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Molecular and Computational Biology Research School

COURSE

Advanced biocomputing

Over the last decade, biological data sets have been rapidly growing in size and complexity. This course focuses on how to use computers to streamline the analysis of biological data, with an emphasis on “working smart” rather than hard. Developing a solid background in how computers can facilitate biological research will not only help with your thesis projects, but will also make you more “marketable” for post-docs and faculty positions in the future.

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Schematic representation of DNA strands
Photo:
colourbox

INSTRUCTOR: Dr. Scott R. Santos, Department of Biological Sciences, Auburn University (844-7410, santos@auburn.edu)

LECTURES: Short lectures followed by hands-on activities will be given over a two-week period.  There will be 10 sessions in total, with each being ~3 hours.

REQUIRED TEXTS (these texts will also serve as highly useful references following the conclusion of the course):

  • Barrett, D.J. - “Linux Pocket Guide” by O'Reilly Book (Amazon for $7.99; Book-A-Million for $9.95)
  • Haddock, S.H.D. and Dunn, C.W. - “Practical Computing for Biologists” (Paperback) ($60.00 from Amazon)

STUDENTS ARE REQUIRED TO HAVE THEIR OWN WINDOWS OR APPLE LAPTOP FOR USE IN CLASS. ALL FILES ON THE LAPTOP SHOULD BE BACKED UP PRIOR TO THE FIRST DAY OF CLASS AND THERE SHOULD BE (AT LEAST) 25GB OF FREE HARD DRIVE SPACE ON THE MACHINE. STUDENTS WILL BE WORKING IN A LINUX ENVIRONMENT WITHIN A VIRTUAL MACHINE ON THEIR LAPTOPS OVER THE COURSE DURATION USING VIRTUALBOX (https://www.virtualbox.org/wiki/Downloads), WHICH IS A FREE DOWNLOAD. THIS LINUX ENVIRONMENT WILL BE SET UP ON THE FIRST DAY OF CLASS.

PREREQUISITES: Background in molecular genetics is strongly required. It is expected that everyone has already taken courses in molecular biology, etc. Lecturer will assume that everyone is comfortable with these subjects. If you are not, I would suggest dropping the course and taking it at a later date.  Background in statistics is an advantage.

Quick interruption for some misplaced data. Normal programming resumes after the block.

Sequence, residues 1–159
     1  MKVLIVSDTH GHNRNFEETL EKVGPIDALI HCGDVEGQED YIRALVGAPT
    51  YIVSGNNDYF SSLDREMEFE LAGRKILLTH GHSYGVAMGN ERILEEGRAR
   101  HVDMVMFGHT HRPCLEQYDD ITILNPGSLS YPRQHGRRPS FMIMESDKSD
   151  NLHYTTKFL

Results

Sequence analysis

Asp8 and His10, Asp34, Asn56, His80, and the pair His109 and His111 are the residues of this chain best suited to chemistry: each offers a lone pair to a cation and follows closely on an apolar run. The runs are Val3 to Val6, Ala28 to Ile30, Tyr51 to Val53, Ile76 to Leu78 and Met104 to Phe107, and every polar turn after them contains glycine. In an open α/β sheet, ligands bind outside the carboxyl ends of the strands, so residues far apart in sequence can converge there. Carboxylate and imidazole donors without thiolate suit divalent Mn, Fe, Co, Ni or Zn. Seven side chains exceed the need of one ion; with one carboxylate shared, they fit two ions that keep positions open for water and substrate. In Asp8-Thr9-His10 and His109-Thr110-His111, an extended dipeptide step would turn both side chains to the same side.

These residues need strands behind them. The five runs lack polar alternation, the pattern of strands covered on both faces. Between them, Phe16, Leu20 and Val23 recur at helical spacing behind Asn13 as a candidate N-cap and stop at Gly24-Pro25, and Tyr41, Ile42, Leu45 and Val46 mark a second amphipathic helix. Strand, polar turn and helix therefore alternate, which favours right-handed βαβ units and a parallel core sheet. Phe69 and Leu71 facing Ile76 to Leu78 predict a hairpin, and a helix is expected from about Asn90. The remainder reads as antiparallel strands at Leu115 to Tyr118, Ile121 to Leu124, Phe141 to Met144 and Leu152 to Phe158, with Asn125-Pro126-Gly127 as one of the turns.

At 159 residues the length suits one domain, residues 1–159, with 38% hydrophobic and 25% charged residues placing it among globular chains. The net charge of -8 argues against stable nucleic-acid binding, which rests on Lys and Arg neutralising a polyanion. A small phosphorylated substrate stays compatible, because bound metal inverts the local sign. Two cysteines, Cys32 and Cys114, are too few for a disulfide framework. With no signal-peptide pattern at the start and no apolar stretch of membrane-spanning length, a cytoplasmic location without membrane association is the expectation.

ADDITIONAL STUDY AIDS FOR THIS COURSE:
Additional reading materials, in the form of PDFs and HTML documents, will be used to supplement readings from the above books. These will be distributed either via email ttachments or posted links from a computer server. These materials will be made available on the Friday following the class that they are assigned in.

IMPORTANT INFORMATION OF SPECIAL NOTE:
Read the assigned materials prior to coming to lecture. The lectures are meant to clarify and discuss concepts, not to serve as your first exposure to them. Each lecture is presented with the assumption that you have read the material and are at least vaguely familiar with it.

GENERAL POLICY and PROCEDURES: You should retain this schedule of lecture topics and relevant instructions for reference throughout the semester. You are responsible for learning the material that will be covered, for preparing for lectures by reading assignments beforehand, and for being present at all lectures without further notice or additional reminders. Missing classes should be avoided if at all possible. 

Special Request: Cell phones and pagers should be turned off for the duration of the lecture. Students will be asked to leave the classroom for the remainder of the lecture in the event one of these devices is activated during the lecture.

GRADING:  Passed or not passed.  “Pre” and “post” tests will be used to assess the knowledge that students have gained by taking the course. Along with this, “mini” projects will be given in order for students to practice the skills that they have ben exposed to in class. 


LECTURE SCHEDULE BY SUBJECT MATTER (TENTATIVE AND SUBJECT TO CHANGE)

  • Installation of Linux (PCs) and Developer Tools (Apple)
  • The “shell” and basic UNIX commandline
  • The structure of the UNIX file system
  • Simple programs and how to automate commands via scripts (shell, PERL, etc)
  • Compiling programs from scratch (using EMBOSS as an example)
  • Analysis of molecular data
  • Statistics with R
  • Graphics with R
  • Text manipulation using grep, sed and awk
  • Geographic mapping using the Generic Mapping Tools (GMT)
  • Image formats: what’s the difference between them and manipulation using Imagemagick
  • Creation of graphs and figures for publications using ploticus, GIMP and Inkscape
  • Web servers and databases